Attractive hilltop wine town. Not overtly tourist but enough to ensure a fair selection of accommodation and restaurants. Sited on the central place La Tour just about lived up to its Michelin star but wasn't memorable.

Large but not daunting town in the centre of France with and some well preserved medieval streets and buildings. The impressive cathedral tower is worth climbing for the view and exercise. For a delightful change of pace take a walk past the gardens and waterways of the Marais.
The old town proffers a selection of restaurant but for something special Le Cercle gets it right.
Although not particularly central, give the Logis Les Tilleuls a try (convenient for Le Cerle), otherwise friends recommend the Hôtel D'Angleterre where garage parking can be pre-booked.

Clermont Ferrand
Beyond the imposing dark basalt Cathedral Clermont Ferrand is more a functional than attractive town. However, several edge of town hotels by the tramway and near the autoroute smooth the logistics. The cooking plus stunning wine list at the inexpensive Le Saint Eutrope won’t disappoint. Run by the hands-on couple who previously operated Chassignolles (see below) Harry Lester also sources regional wines for the Gergovie Wines in London. Otherwise the town punches above its weight with Michelin macarons.
Being at the gateway to the A75 Clermont-Ferrand is little more than 3h from the Hérault so there will be time to spend a good couple of hours in the interesting Michelin Museum (free secure visitor parking and near a tramway).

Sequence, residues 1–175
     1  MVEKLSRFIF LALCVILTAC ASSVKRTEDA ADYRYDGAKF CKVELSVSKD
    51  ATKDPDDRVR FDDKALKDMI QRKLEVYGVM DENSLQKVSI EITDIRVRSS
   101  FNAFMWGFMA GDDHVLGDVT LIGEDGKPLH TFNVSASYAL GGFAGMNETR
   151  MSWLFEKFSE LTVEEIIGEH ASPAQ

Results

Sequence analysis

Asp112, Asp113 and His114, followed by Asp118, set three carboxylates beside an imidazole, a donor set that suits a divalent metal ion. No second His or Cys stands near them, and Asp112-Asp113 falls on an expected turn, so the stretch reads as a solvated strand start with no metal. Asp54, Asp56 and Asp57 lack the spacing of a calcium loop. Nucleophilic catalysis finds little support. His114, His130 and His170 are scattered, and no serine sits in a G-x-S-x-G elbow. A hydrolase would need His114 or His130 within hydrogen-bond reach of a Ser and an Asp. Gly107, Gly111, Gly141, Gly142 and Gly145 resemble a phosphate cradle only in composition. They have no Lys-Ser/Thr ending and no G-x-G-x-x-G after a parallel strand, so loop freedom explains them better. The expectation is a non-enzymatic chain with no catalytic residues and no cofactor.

There are too few country retreats in this list. To redress the balance a bit: -

The Auberge de Chassignolles (open May to October) is perhaps a bit close to the region to be an ideal stopover. On the other hand, at little more than 3 hours from the heart of the Languedoc and 45m from the A75 J20 south of Issoir, is also suited for an overnight excursion. Chassignolles is more a hamlet than village high up in the meadows and forests of the Auvergne. Come here for gimmick free tasty simple dining, carefully chosen wines (Domaine Ribiera is listed) and inexpensive accommodation. Run by Bristol chef legend Peter Tayor the result is something the French struggle so hard to deliver in the modern era.

Other towns on the list to explore are Gien, Troyes, Blois.

Monday, 2 February 2015

Driving to the UK (to transport that wine) Part 1